The Linux command prompt/shell records previously entered commands in the form of history. This is convenient because any of the previously used commands can be recalled and run again when needed.
Now, to see a list of all previously used commands, type “history” at the command prompt.
This will show a numbered list of all the commands with each number corresponding to the command next to it.
Once the history displays the numbered list, here is how that can be used to recall and execute previous commands :
For example, the command “pwd” shown below has a number 247 associated with it, so typing it will execute that :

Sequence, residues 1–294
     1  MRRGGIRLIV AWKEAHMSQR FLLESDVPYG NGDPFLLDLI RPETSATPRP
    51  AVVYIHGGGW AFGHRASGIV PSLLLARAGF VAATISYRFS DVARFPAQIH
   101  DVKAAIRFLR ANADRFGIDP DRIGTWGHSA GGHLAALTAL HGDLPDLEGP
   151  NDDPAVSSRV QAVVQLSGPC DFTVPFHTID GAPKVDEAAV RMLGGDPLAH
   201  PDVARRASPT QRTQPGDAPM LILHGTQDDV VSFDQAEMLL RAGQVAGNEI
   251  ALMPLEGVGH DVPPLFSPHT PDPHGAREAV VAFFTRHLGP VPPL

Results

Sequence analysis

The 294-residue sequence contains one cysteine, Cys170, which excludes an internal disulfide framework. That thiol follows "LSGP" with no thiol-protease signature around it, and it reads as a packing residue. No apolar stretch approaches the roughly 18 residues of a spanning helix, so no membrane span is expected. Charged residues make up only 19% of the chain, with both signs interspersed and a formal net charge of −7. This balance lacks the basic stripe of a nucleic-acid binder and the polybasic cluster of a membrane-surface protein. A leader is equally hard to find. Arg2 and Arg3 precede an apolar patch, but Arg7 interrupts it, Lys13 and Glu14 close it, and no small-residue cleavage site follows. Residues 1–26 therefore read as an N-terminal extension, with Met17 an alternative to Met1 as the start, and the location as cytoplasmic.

2nd way :
A simpler way to do this without looking up numbers is to just type the partial command name :
The example below shows how a partial “who” command will recall and execute that specific command.
One thing to note when doing this is that if there are more then one such similar commands (in the above example a “uname -i”, then later followed by a “uname -a”, the most recent one will be executed which would be “uname -a” in this case).
Isn’t Linux command line awesome!? 🙂
[To know different kinds of commands in Linux Mint/Ubuntu and how to use them efficiently, please refer to our multi-part Linux command line basics series starting from here. ]